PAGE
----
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Software localisation

To be user-friendly and intuitive, interfaces need the most appropriate words to describe their functionality. This means that the translator needs to understand the software’s functionality in order to translate properly. Think about translating...

What’s in a name?

Don’t be alarmed if a translator working from Japanese to English asks you how to pronounce (or read) a personal or place name. This isn’t a sign that they lack basic knowledge of the language, but rather a comment on how complex Japanese names can be. The...

How is Japanese written?

Japanese uses three alphabets: kanji, derived from Chinese pictograms, and hiragana and katakana (collectively referred to as kana) two phonetic alphabets made up of simpler glyphs. 薔薇 (kanji) バラ (katakana) ばら (hiragana) rose Katakana is most often used for foreign...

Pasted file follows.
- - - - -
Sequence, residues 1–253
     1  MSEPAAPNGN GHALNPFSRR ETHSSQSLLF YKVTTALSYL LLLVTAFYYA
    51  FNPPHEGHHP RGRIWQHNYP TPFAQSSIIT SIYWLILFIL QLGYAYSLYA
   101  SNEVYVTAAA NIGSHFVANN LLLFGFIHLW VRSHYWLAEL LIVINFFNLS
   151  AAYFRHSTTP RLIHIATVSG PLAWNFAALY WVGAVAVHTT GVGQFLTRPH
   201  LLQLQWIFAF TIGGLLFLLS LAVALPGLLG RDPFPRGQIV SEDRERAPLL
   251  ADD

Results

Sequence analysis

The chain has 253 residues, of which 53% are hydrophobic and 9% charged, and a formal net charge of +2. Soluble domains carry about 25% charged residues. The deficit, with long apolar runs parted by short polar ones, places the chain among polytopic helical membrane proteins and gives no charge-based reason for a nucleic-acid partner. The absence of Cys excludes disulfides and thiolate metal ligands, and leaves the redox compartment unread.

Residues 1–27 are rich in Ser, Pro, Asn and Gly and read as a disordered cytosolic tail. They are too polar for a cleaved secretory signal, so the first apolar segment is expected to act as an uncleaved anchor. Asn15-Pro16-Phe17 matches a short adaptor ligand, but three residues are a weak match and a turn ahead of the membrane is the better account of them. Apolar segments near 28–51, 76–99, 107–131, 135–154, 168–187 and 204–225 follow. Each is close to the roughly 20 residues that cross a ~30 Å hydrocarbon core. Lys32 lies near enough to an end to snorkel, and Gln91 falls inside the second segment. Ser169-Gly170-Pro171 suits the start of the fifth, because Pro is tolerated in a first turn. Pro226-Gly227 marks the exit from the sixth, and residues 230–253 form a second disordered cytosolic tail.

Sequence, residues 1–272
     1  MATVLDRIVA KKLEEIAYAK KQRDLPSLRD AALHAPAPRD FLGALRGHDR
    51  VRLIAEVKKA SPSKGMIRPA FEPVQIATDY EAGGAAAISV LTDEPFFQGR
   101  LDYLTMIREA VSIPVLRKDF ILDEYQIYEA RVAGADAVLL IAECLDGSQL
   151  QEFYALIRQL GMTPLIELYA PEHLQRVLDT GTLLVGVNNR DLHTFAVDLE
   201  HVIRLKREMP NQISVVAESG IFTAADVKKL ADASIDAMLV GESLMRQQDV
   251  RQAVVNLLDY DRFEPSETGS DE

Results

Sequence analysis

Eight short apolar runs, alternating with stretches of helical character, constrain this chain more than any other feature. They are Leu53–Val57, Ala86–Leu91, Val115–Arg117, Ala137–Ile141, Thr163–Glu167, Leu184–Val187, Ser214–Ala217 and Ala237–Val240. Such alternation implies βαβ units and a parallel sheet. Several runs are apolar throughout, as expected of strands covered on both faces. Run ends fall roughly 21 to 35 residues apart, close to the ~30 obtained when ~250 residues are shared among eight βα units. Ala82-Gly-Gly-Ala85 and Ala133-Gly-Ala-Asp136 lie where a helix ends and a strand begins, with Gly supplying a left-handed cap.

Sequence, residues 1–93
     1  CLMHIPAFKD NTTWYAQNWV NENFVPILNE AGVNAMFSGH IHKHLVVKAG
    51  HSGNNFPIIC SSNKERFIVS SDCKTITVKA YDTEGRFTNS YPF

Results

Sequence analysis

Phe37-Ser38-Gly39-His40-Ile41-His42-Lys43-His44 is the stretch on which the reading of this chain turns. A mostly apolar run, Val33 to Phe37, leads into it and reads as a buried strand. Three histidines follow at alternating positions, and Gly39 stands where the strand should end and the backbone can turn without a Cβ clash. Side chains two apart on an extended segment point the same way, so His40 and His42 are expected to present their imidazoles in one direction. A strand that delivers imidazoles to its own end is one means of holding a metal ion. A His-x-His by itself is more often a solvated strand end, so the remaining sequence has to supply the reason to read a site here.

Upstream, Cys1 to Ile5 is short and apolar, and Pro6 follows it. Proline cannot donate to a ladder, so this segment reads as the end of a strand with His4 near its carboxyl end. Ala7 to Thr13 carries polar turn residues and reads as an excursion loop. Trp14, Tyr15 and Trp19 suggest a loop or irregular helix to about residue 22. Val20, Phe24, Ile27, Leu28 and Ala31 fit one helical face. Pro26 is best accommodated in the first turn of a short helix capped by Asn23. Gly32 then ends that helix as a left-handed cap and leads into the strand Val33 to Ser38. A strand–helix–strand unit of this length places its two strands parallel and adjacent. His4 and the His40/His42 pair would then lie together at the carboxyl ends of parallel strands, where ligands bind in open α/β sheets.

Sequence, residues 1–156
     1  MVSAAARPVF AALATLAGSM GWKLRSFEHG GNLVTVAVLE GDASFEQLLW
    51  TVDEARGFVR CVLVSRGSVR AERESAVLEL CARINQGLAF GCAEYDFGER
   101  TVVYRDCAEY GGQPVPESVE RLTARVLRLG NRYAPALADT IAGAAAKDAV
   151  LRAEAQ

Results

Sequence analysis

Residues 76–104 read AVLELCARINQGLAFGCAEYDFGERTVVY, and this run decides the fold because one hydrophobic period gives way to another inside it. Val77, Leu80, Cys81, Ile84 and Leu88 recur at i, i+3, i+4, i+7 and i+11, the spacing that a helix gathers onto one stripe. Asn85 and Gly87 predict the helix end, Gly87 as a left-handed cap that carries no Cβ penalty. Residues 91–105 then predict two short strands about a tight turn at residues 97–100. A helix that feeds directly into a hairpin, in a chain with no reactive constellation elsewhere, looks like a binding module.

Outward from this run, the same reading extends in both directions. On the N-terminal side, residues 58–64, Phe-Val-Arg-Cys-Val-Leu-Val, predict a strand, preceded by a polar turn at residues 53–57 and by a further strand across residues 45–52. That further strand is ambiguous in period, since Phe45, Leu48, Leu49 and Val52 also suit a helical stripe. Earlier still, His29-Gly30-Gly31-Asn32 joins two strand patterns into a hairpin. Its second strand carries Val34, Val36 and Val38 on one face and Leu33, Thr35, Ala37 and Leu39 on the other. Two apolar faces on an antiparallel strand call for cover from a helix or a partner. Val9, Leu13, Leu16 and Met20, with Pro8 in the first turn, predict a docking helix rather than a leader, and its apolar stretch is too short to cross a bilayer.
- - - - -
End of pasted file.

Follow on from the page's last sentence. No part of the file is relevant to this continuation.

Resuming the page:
Mind the gap

Japanese sounds do not map perfectly onto English ones, which is no real surprise with two such different languages. This can lead to problems when Japanese words are rendered in English – especially personal and place names. 松本 Matsumoto Matumoto (pronounced...

How are Japanese words written in English?

Japanese can be written in English letters using a system called romanisation, which maps Japanese sounds onto the Latin alphabet. There are several varieties of romanisation which produce slightly different versions of the same Japanese word due to differences in how...